In the context of Internet marketing, social media refers to a collective group of web properties whose content is primarily published by users, not direct employees of the property (e.g. the vast majority of video on YouTube is published by non-YouTube employees).
Social media marketing has three important aspects:
(1) Creating buzz or news worthy events, videos, tweets, or even blog entries that attract attention, and become viral in nature. Buzz is the piece that makes social media marketing work, it replicates a message not through purchase of an ad, but thorough user to user contact.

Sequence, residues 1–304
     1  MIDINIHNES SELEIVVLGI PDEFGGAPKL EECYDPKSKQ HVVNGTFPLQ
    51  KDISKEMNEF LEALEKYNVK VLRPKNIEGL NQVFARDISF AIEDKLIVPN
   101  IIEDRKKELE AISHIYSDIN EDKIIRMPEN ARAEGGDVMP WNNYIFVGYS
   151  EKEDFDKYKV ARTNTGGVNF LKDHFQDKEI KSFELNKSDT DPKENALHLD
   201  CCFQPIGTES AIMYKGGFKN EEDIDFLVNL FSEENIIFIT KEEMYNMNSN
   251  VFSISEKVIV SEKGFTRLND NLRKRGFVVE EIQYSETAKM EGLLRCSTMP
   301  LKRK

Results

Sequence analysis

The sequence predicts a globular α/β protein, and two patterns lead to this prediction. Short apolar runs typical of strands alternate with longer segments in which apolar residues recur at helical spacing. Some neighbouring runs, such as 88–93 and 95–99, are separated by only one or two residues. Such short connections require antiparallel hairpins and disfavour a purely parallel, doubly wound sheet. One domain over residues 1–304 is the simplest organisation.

(2) Building ways that fans of a brand or company can promote it themselves in multiple online social media venues. Fan pages in Twitter, MySpace of Facebook are exactly this.
(3) It is conversational. Social media marketing is not fully controlled by the organization, it allows for user participation and dialogue. Potentially a badly designed social media marketing campaign can backfire on the organization that created it. That is the reason that SMM campaigns must fully engage and respect the users.
According to Lloyd Salmons, first chairman of the Internet Advertising Bureau social media council “Social media isn’t just about big networks like Facebook and MySpace, it’s about brands having conversations.”